“‘Here comes that dreamer!’,  they said to each other.   ‘Come now, let’s kill him and throw him into one of these cisterns and say that a ferocious animal devoured him.   Then we’ll see what comes of his dreams.’”   (Genesis 37:19-20, NIV)

The maltreatment of Joseph began with the evil plans of his brothers.

Joseph’s brothers resented Joseph on many levels: He was their father’s favorite son (and Joseph made no secret that he knew that his father’s favor rested on him); and Joseph made much of his dreams, in which he seemed always to be the hero.

The good news here is that God works on many levels, too.  Joseph’s circumstances were used by God to fit Joseph for God’s work; he used the brothers’ guilt to provoke confession and true repentance; and throughout, God was glorified for His love and His mercy.

Like Joseph, we do not know where life will take us; but we should never doubt that God is at work in our circumstances — however hopeless from our perspective — to transform us into the image of Christ; to bless others; and to glorify God.  If we are convinced of this, though we may fall down, we shall not stay down!  – Luther

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“I know the greatness of the LORD — that our Lord is greater than any other god.  The LORD does whatever pleases him throughout all heaven and earth, and on the seas and in their depths.  He causes the clouds to rise over the whole earth.  He sends the lightning with the rain and releases the wind from his storehouses.”  (Psalm 135:5-7, NLT)

More than forty years ago, J. B. Phillips wrote a book (which is still in print, by the way) titled, “Your God is Too Small.”  The title alone provokes the question: How big is your God?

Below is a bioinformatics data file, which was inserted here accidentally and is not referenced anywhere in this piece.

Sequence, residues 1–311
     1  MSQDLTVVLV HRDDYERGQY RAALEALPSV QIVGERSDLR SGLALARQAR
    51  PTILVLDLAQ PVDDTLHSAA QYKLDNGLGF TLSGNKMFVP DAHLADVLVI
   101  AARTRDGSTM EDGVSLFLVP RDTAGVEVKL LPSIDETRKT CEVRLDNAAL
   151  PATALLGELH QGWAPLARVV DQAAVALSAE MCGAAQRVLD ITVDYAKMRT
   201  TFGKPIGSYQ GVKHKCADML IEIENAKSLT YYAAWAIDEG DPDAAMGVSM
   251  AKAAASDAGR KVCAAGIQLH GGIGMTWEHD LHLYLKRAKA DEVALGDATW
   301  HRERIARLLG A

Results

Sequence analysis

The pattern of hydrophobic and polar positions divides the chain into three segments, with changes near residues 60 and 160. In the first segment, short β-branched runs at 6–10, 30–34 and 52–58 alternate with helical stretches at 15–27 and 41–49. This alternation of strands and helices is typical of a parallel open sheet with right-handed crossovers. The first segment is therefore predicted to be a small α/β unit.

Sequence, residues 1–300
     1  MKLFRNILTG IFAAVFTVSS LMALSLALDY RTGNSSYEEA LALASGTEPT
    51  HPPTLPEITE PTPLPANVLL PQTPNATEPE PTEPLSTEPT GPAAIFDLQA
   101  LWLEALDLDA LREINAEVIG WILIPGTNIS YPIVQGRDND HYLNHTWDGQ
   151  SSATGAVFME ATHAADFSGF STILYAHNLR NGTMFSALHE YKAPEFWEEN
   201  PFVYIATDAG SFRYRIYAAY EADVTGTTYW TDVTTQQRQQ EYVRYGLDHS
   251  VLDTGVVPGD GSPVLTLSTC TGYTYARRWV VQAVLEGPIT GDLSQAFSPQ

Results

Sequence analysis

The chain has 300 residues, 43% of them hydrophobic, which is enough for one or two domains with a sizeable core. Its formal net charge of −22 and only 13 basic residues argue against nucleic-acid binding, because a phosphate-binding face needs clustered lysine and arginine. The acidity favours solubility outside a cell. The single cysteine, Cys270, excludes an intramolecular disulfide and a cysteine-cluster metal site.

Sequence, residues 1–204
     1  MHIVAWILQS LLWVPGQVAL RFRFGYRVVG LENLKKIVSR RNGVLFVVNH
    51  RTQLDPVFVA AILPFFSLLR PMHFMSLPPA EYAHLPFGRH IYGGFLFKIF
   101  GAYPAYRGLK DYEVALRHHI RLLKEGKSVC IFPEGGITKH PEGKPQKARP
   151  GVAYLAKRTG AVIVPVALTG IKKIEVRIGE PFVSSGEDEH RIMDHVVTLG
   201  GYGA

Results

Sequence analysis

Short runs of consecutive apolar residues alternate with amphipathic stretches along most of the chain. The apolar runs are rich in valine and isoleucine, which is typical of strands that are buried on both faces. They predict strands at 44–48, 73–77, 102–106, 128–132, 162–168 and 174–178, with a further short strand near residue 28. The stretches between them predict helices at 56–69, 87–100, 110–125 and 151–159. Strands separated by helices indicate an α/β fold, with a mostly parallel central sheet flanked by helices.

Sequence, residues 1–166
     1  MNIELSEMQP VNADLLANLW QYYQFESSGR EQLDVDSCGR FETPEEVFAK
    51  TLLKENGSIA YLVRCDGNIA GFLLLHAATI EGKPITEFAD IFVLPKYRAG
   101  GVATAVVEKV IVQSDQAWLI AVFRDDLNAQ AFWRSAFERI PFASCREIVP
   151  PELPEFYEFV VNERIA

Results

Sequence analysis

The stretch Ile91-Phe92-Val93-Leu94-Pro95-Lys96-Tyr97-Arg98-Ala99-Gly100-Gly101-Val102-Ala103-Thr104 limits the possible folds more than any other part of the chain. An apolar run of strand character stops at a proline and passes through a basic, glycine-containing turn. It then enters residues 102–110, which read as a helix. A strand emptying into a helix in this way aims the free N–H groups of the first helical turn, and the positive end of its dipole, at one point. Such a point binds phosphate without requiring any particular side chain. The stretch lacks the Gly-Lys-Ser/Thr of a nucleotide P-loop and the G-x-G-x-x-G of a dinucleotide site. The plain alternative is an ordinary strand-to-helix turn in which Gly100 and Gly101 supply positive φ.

The psalmist, as we see in today’s selection, had a big God.  There is a direct relationship between the size of our problems and the size of our God.  As I heard related several years ago in a sermon by Austin, Texas pastor Gerald Mann: “Big God, small problems.  Small God, big problems.”

Having a God that cannot be bossed, because He is all-powerful; that cannot be bought, because he has infinite resources; is a comfort, a joy, and an arsenal for whatever problems life presents!  – Luther

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“If someone claims, ‘I know God,’ but doesn’t obey God’s commandments, that person is a liar and is not living in the truth.”  (1 John 2:4, NLT)

Here is the essence of knowing God: Obedience to His commandments.

It is not doing great things in God’s name that shows we know Him.  It is not acquiring volumes of knowledge about God that shows we know Him.  It is not the depth of our sacrifice that shows we know God.  To know God is to obey His commandments.

God’s commandments are to love God with all our being; and to love our neighbor as we love ourselves.  (Please see Mark 12:30-31.)

To be sure, to do great things in God’s name; learning all we can about Him; and sacrificing ourselves for His name’s sake are honorable ambitions.  However, unless these and other works begin at God’s initiative, our labor and our accomplishments are in vain.

Let complete obedience to our Creator and our God be our daily goal.  It is only through obedience that we become like Him.  – Luther

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